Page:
Banff workshop [BIRS 12w5105 meeting [#3]]

As I left Banff in the early afternoon of Thursday, I only attended the morning session of the BIRS 12w5105 workshop (just like yesterday since there was a free afternoon!). Yesterday morning, Gareth Roberts gave a brilliant talk on importance sampling for diffusions, explaining why he could use importance functions that were not absolutely continuous wrt the target distribution. I also like Jun Liu’s talk on sequential Monte Carlo. This idea of using partial or controlled rejection sampling is quite interesting indeed, even though I always wonder at why rejection is at all necessary since it introduces extra (white?) noise… Rao-Blackwellised solutions, as mentioned by Jun, should be more efficient. An issue certainly not fit for an airport lounge! This morning, the first talk by Hélène Massam was also close to my interests, since it dealt simultaneously with model choice and Bayes factors and their limit as the prior becomes improper and graphical models… I should read the recent work of Hélène on this. Her talk also mentioned the issue of computing simultaneously thousands of Bayes factors, a good challenge (even though ABC seems ill-fitted to the task). Jim Hobert gave the last talk of the morning on geometric convergence and its verification by construction a potential function: as usual, Jim’s slides were fantastically pedagogical, make sure to watch them! I am very much sorry to have missed the three afternoon talks, but will watch them over the weekend, thanks to this new incredible feature of BIRS where all videos are now on-line.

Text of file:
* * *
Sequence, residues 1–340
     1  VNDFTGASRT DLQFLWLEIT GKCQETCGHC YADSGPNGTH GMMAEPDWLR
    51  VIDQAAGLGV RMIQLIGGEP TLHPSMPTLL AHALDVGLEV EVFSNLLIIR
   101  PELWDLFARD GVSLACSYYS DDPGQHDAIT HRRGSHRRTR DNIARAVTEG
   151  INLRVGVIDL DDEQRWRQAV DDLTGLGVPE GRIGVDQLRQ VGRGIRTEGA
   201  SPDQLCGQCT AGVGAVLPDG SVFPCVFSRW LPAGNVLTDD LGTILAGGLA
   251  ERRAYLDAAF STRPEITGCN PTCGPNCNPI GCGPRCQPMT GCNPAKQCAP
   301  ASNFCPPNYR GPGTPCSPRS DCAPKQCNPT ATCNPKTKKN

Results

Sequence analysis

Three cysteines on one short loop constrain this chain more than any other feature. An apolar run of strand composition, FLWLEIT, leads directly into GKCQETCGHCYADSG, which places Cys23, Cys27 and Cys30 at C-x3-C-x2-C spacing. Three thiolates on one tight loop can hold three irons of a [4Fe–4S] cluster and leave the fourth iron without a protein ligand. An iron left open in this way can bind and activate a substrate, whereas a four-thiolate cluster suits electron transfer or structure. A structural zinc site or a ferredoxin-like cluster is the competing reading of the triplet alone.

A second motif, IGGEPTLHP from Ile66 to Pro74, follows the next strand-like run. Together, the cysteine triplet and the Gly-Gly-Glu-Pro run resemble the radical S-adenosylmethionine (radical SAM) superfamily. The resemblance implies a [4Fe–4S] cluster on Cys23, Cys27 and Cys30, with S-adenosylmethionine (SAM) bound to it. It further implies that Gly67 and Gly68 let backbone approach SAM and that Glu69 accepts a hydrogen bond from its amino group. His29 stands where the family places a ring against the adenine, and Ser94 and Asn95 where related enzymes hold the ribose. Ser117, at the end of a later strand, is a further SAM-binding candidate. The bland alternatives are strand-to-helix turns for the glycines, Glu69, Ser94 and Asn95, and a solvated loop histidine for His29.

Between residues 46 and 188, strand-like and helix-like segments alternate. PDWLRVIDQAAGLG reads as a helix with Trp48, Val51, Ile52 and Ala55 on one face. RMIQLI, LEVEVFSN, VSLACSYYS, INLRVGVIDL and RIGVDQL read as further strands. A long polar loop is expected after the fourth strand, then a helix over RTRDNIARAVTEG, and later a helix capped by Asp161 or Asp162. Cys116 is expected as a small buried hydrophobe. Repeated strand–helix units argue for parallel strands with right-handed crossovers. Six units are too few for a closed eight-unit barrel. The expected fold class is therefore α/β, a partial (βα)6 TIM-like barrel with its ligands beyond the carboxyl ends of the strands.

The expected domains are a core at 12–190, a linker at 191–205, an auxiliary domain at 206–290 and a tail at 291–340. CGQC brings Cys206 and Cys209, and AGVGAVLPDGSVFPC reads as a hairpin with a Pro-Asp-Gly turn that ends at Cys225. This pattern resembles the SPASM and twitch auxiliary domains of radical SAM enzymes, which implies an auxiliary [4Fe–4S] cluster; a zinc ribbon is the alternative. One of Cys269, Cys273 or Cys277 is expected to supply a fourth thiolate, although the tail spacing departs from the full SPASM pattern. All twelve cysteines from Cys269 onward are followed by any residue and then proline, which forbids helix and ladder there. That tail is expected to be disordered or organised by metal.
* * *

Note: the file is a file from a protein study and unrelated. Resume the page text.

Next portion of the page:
Overall, this week at BIRS, staying at the Banff Centre, and doing mountaineering, has been exhilarating if exhausting! The incredible conditions offered by the Centre go beyond the reasonable and it takes alas little time to get used to them, from the sport facilities, with my very early morning swim (6am), to the superb Sally Borden cafetaria, to the auditorium in the TransCanada Pipeline Pavilion with its video-recording facilities, and I am only sorry I could not find a climbing partner to enjoy the indoor climbing wall! Scientifically speaking, the structure of the meeting allowed for intense exchanges (even though I did not exploit those to their full extent, due to my early bedtime, trying to keep on French time, a habit which allowed me to review Pierre Simon Laplace’s book, Théorie Analytique des Probabilités, over the week, during the wee hours of the morning…, but also led to almost sure micro-naps during the talks…!)

8 Responses to “Banff workshop [BIRS 12w5105 meeting [#3]]”

  1. […] sampler she and co-authors had recently developed. Although she had briefly presented this paper in Banff a month ago, I found the talk quite informative about the implementation of the method and at the […]

  2. […] the overlap with the previous meetings in Bristol and in Banff was again limited: Arnaud Doucet rewrote his talk towards less technicity, which means I got the […]

  3. […] a talk by Nial Friel I had already heard in Bristol (plus one from Jim Hobert he delivered in Banff!). And of course most of the participants were not in Bristol, so got the most from these talks. […]

  4. […] in Bristol: all the talks had high informational contents and even those I had heard previously in Banff or elsewhere had a significant information content! For instance, I am still coming to terms with […]

  5. […] to me going to the Banff meeting, Richard Everitt posted on arXiv a paper “Bayesian Parameter Estimation for Latent Markov […]

  6. […] the trip to Banff last week, I managed to read Richard Morgan’s The cold commands, which is the sequel to The steel […]

  7. […] in Gower Street (and walking distance from St Pancras!). I will give roughly the same talk as in Banff last week, with a wee more background on ABC. […]

  8. Dan Simpson Says:

    It’s really great that they put these talks online! I hope more conferences and workshops do this in the future – there’s a lot of interesting details in good talks that don’t alway make it to the corresponding papers.

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